The dog was a bit rambunctious. But I had never owned a dog so I didn’t know what they were like to live with. It seemed like many of our neighbors had dogs, mostly German shepherds. (That was a very popular breed back in the ’60s and ’70s.
As she grew, she would sometimes have these snap fits. No biting. That never happened. But she would start running through the house like a rabid dog. We didn’t have wall to wall carpets back then. Just hardwood floors with large area rugs throughout the house. The force and thrust generated by this dog would literally roll up the carpets during her trajectory. My little sisters and I would just leap up onto the furniture in the living room to get out of her way.
My mother would just open the back door leading to the yard and out she’d go. Running as an animal possessed.
The dog chewed up and destroyed a few things in the house. One time I went into my room and saw that the entire back of one of my sneakers had been bitten clean off. It looked like a billiard ball-sized shark bite. The shoe was ruined.
Another time I walked into my room and one of my songbooks were ripped apart. I flipped out. That was a book of lyrics and chords of the original songs I had written.
“Mom! Look what the dog did!”
“You shouldn’t have left it on the floor.”
Things were getting worse. The dog would pull when you tried to walk her. I mean like pulling really hard and gasping. I couldn’t understand why the dog would choke herself like this. But again, I knew nothing about raising a dog. I was just a teen dude that wanted to play guitar and write songs. The dog was just kind of a pain in the ass.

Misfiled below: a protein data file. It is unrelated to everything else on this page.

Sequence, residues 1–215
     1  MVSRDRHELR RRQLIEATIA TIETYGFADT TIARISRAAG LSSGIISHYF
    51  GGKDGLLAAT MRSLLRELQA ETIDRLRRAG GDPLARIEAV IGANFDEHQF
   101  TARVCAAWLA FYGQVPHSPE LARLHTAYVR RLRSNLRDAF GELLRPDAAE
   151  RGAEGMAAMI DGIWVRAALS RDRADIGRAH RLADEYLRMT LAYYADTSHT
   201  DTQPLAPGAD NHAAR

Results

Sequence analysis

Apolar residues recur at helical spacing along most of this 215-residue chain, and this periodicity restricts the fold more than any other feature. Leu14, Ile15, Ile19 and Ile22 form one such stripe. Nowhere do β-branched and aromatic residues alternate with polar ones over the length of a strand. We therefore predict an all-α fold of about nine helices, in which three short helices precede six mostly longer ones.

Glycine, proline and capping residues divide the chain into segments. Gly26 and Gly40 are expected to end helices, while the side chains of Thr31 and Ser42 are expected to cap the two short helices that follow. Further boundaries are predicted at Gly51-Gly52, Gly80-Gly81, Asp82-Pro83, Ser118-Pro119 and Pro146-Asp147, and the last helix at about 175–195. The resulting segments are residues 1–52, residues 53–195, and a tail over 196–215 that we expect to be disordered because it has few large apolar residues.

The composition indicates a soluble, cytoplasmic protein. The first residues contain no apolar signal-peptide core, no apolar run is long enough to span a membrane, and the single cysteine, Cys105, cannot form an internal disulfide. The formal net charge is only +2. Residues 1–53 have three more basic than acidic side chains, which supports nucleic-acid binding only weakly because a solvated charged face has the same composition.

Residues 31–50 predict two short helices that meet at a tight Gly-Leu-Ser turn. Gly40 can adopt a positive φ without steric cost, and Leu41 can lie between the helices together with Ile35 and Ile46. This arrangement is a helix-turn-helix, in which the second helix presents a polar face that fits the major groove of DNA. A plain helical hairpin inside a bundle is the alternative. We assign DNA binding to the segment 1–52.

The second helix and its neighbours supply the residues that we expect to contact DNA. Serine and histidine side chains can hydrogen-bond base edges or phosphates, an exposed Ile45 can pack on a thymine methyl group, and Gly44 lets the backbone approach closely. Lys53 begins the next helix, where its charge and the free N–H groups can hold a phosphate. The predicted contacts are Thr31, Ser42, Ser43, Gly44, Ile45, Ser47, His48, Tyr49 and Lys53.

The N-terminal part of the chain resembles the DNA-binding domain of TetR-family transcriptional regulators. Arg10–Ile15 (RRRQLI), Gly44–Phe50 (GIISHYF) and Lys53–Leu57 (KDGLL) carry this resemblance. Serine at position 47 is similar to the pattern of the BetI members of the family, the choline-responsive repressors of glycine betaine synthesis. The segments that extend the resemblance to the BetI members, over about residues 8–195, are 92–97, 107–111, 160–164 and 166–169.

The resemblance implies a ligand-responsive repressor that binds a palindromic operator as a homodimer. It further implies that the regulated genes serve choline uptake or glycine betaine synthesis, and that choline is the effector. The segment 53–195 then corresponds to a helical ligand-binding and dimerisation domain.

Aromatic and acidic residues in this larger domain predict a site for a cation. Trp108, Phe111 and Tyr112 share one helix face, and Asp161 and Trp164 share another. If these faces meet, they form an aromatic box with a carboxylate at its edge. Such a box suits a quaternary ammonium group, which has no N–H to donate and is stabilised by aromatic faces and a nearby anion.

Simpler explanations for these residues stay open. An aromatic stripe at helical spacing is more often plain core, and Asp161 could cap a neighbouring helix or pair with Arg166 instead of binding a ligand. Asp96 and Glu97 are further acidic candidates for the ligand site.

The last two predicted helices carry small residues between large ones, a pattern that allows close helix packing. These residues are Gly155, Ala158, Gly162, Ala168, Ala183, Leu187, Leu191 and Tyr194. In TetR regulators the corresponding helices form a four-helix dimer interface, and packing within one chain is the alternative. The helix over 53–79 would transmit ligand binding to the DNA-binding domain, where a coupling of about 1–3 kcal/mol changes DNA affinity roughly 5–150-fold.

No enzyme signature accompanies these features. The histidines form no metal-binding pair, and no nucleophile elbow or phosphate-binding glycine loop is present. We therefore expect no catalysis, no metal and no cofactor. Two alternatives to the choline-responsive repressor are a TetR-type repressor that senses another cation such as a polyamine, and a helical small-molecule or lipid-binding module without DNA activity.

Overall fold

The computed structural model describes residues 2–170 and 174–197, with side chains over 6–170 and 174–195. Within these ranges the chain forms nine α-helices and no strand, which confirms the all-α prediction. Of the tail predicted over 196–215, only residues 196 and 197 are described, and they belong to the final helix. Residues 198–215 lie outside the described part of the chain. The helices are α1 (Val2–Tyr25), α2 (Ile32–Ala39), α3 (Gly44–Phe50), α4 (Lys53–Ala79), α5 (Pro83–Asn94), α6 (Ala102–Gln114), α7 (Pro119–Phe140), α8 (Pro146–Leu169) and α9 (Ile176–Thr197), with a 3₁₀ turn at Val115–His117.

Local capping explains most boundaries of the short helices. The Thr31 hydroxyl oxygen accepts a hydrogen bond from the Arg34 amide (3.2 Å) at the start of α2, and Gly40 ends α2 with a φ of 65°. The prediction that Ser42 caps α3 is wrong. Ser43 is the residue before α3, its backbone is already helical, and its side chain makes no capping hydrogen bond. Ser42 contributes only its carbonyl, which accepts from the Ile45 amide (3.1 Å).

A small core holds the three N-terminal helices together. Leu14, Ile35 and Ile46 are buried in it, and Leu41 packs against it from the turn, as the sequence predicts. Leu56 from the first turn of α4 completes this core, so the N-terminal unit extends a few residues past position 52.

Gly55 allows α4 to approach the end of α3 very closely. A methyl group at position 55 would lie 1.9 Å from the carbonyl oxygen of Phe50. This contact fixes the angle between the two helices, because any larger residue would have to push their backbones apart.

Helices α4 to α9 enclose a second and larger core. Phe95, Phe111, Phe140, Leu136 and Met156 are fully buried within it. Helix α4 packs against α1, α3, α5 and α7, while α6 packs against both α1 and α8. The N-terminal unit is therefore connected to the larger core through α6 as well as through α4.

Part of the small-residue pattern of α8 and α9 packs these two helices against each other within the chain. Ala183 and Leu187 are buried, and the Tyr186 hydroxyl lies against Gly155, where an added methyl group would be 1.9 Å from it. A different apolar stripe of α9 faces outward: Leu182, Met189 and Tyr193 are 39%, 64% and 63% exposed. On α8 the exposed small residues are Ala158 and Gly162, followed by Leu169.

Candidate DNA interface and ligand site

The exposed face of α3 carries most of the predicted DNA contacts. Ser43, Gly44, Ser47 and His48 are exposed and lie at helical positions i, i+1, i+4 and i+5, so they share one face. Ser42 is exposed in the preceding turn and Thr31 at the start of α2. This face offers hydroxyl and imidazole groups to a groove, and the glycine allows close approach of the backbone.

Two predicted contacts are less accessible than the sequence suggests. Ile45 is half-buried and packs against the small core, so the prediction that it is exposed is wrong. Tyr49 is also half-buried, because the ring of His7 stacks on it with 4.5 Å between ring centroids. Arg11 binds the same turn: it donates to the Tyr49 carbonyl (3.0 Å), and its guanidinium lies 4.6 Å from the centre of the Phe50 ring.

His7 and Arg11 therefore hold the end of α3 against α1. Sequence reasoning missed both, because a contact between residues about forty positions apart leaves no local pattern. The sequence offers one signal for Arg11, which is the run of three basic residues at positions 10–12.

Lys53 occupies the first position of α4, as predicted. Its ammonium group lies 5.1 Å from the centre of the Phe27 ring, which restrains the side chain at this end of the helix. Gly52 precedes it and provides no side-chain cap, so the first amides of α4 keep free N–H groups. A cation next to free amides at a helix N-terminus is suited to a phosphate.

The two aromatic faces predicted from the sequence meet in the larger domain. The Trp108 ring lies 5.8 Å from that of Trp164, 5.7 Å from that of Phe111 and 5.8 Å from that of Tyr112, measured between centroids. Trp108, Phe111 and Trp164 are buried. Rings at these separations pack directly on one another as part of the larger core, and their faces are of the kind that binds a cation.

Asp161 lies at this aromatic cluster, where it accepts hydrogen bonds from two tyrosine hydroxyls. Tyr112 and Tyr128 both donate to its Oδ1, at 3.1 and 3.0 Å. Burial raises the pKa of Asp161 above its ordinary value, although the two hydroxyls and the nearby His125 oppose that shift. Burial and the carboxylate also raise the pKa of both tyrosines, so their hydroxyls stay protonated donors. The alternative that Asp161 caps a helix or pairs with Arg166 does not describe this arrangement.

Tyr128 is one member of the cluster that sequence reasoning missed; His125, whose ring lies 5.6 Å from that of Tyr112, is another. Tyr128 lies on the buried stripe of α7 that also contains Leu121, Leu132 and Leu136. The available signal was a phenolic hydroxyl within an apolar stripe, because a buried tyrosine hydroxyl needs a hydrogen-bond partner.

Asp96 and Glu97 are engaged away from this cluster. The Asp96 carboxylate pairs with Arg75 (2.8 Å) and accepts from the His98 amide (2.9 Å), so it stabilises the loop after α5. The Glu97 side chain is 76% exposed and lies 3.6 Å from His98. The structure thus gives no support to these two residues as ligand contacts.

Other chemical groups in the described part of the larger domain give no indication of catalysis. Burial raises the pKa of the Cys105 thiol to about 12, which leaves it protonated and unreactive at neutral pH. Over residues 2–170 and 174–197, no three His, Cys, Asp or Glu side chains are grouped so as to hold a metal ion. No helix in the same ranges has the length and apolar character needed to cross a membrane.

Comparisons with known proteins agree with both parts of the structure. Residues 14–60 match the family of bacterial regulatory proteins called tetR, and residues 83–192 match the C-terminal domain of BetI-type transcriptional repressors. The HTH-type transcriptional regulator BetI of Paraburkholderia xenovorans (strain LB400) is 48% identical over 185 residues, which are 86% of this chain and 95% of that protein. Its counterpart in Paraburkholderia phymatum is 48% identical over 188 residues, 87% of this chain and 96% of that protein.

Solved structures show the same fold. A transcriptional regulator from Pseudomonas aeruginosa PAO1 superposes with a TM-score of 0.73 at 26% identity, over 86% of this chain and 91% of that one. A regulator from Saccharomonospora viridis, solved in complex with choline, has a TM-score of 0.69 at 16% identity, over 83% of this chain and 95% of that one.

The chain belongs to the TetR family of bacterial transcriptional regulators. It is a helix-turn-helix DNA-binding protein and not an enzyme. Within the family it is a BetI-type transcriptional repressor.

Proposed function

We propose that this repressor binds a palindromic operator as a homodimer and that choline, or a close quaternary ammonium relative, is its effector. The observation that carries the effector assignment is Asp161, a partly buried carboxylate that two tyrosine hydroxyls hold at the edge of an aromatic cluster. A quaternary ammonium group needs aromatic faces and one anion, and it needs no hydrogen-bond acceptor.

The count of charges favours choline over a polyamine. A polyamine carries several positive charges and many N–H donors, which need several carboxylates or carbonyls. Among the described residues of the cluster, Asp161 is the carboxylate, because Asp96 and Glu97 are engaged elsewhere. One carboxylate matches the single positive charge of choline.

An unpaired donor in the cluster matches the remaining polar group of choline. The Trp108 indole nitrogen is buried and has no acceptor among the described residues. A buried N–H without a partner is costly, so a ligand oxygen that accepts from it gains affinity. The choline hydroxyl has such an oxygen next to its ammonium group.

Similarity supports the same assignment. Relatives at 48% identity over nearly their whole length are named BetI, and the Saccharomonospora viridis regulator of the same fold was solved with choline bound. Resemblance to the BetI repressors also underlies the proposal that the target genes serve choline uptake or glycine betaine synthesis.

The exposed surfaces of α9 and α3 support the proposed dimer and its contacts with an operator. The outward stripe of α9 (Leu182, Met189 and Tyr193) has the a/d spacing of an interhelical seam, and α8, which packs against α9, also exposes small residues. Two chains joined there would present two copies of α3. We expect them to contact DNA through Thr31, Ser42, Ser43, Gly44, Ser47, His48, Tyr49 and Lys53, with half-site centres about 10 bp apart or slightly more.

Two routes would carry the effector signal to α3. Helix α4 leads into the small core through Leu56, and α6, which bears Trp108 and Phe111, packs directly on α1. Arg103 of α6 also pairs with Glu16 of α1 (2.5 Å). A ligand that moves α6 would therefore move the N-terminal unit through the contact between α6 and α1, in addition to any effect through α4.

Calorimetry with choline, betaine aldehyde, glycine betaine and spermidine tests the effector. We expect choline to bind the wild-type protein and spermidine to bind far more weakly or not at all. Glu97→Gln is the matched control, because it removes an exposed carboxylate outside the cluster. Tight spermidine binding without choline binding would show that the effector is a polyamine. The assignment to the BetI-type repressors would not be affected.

Sometimes she would get out and run away. We’d find her up the street and have to chase her around and bring her back.
Remember during this time we were living in Philly and my dad was working at a bank down the shore. He would just swing in on the weekends. We were all cool with that, but we were all getting to a breaking point with this feral animal. It was time for a family meeting.
So when dad returned on the weekend, we all sat down at the dinner table as a family and talked about the situation. We all explained our feelings about the situation. It was like a court case. Everyone had input. Even my baby sister Gabrielle.
There was talk of getting rid of the animal. Most of us were leaning towards that. We really were at our wit’s end. I can see my sister April’s face even today. A grimace of mute protest. Tears streaming down her face. She must have felt terrible. She was the middle kid. She was the one that was always fighting to get attention. Not Janice the number one first-born and daddy’s favorite. Not the son. Not the baby Gabby. So well-behaved and intelligent. She was just April in the middle. I never felt that way about her. I always thought of April as the one who was tough on the outside but would give you her last dollar and the shirt off her back if you needed it. I always considered her the most beautiful of all of the children in the family. She was always my little pal growing up. We used to play together and fight like any other siblings, but we always made up.
It was breaking her heart. We were all visibly upset. We took this little pup from its parents and brothers and now we were talking about banishing her from our lives.
We pleaded our case and we need to reach some sort of resolution. A decision needed to be made.
Tune in tomorrow for the conclusion to this story.